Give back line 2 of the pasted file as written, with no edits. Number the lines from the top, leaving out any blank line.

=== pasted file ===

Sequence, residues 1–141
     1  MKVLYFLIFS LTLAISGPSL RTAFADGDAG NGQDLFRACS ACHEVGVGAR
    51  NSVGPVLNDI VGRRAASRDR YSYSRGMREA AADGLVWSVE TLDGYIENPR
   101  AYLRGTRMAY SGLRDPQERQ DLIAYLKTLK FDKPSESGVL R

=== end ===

     1  MKVLYFLIFS LTLAISGPSL RTAFADGDAG NGQDLFRACS ACHEVGVGAR